Why does Catholicism matter to reproductive technologies in Argentina?
|Date:||10 January 2022|
|Author:||Ana Lucía Olmos Álvarez, María Cecilia Johnson & Victoria Sotelo|
The Catholic Church is a global actor that still matters when sexuality and reproduction are at stake, and Assisted Reproductive Technologies (ARTs) are not an exception.
Catholic Church stands as a critical position around ARTs, understanding that separating sexuality and reproduction from the sanctity of marriage is opposed to natural and legitimate forms of procreation. Moreover, donation and manipulation of embryos, preimplantation genetic diagnosis are considered eugenicists practices. For all these reasons, the Catholic Church believes that ARTs and the associated treatments violate human dignity. Various encyclicals (papal letters) support this public position; moreover, the Vatican has an expert community advising on these subjects.
Particularly in Argentina, Catholicism is the country's main religious denomination (according to a national survey, 62.9 % of the Argentinian population identifies as Catholic). Also, the Catholic Church has long-term relations with civil authorities. Even though the National Constitution of Argentina assures freedom of worship, the centrality of Catholicism is still evident. The second article of the Argentinian charter of government establishes that the Federal Government legally and economically supports the Roman Catholic Apostolic religion. Catholic Church influences the public debate concerning health politics and civil rights in this legal and political frame. Sexuality policies are a sensitive matter to the Catholic Church that has mobilized reactive activism regarding same-sex marriage, abortion, and sex education in Argentina. Despite this institutional position, there are Catholic believers and religious movements that do support sexual and reproductive rights.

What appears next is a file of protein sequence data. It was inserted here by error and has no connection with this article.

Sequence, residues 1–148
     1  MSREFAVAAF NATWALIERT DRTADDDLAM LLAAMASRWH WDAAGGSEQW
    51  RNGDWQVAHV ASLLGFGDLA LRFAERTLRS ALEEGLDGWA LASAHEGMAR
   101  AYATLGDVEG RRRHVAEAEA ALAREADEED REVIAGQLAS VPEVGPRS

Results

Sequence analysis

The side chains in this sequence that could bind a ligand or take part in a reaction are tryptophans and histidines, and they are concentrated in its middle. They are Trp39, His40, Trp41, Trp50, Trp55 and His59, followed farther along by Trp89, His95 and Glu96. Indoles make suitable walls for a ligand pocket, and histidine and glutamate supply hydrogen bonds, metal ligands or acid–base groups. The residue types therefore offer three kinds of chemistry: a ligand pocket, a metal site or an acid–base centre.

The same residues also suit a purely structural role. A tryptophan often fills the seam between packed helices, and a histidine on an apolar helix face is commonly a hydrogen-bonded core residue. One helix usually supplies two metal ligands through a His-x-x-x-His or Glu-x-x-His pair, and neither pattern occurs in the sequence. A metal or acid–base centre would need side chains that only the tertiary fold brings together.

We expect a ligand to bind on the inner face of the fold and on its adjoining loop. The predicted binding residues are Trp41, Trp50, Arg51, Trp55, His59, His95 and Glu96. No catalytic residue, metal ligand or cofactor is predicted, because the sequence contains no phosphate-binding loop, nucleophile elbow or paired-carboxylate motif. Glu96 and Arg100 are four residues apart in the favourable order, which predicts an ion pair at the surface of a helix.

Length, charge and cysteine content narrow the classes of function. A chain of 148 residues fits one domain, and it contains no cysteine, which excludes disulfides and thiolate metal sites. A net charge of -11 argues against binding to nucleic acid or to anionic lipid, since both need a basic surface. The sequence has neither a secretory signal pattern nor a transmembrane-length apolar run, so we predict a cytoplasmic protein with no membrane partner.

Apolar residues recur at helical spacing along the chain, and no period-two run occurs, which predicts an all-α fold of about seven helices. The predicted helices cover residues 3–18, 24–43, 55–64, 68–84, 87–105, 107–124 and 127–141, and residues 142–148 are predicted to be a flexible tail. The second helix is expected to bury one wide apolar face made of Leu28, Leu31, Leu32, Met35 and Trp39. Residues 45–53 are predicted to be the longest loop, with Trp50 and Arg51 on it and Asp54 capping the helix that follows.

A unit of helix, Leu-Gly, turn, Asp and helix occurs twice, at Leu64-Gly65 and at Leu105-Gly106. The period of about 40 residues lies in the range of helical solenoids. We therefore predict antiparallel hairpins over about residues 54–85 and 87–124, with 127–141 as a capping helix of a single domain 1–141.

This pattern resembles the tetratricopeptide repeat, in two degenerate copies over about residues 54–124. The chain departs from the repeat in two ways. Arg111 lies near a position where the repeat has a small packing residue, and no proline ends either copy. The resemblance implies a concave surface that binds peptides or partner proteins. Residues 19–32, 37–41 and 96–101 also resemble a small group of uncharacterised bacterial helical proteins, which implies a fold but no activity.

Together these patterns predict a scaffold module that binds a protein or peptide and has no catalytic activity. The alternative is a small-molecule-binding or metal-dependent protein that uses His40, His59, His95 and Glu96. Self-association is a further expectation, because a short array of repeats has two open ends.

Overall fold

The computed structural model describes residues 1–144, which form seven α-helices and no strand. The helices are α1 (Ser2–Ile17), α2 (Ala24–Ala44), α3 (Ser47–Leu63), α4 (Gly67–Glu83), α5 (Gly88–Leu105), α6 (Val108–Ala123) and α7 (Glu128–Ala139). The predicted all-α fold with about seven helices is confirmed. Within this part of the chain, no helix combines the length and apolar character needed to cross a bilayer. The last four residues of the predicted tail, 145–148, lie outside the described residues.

Our frame project demonstrates that there are religious experts dedicated to ART among Vatican Pontifical academies; moreover, we also found other ART actors trained in Catholic educational spaces. These actors have been dedicated to training other experts, advising public policy, and participating in public debates in the media. In this way, they have an impact on the daily life and health decisions of believers and non-believers. Most of these experts take positions against abortion and euthanasia, occupying the front line of public debate. Even though these experts reaffirm their position against contraception and defend "natural" contraception and "family planning”, they also find ways to advise Catholic believers with fertility demands.
That is not surprising as Assisted Reproductive Techniques are widely used in Argentina, even among Catholic believers. Our research demonstrated that the biomedical itineraries of ART's users have plenty of resources and religious meanings. The Catholic framework offers community spaces and paths to ritualize the reproductive experience. ART's users attend sanctuaries, participate in healing spaces, and meet with different pastoral agents like religious healers who support them in the quest for a successful pregnancy. Furthermore, the fact that the religious institution offers these resources provides legitimacy to ART's users' journeys. As a result, people resort to religious actors to ask favors and establish pacts with holy figures, hoping for a successful pregnancy in exchange. Our research shows a therapeutic articulation and complementarity of religion with diagnoses and biomedical in the users' experiences.
Therefore, religious experts, participation in Catholic rituals, and visits to sanctuaries emerge are part of ART treatments in Argentina. Our findings show how spiritual and emotional dimensions are connected to health decisions.
This post is connected to the project “Science and Catholicism: Perspectives and Circuits of Dialogue between Contemporary Europe and Argentina in Six Scientific Areas (Epistemology, Bioethics, Genetics, Reproductive Medicine, Embryology, Psychiatry and Neuroscience)” financed by the International Scientific Network for the Study of Science and Belief in Society - University of Birmingham and Templeton Foundation. Lead Investigator: Dra. Gabriela Irrazábal
About the author
Ana Lucía Olmos Álvarez (Universidad Nacional de Avellaneda)
María Cecilia Johnson (Centro de Investigaciones y Estudios sobre Cultura y Sociedad; Consejo Nacional de Investigaciones Científicas y Técnicas, Argentina)
Victoria Sotelo (Universidad de la República, Uruguay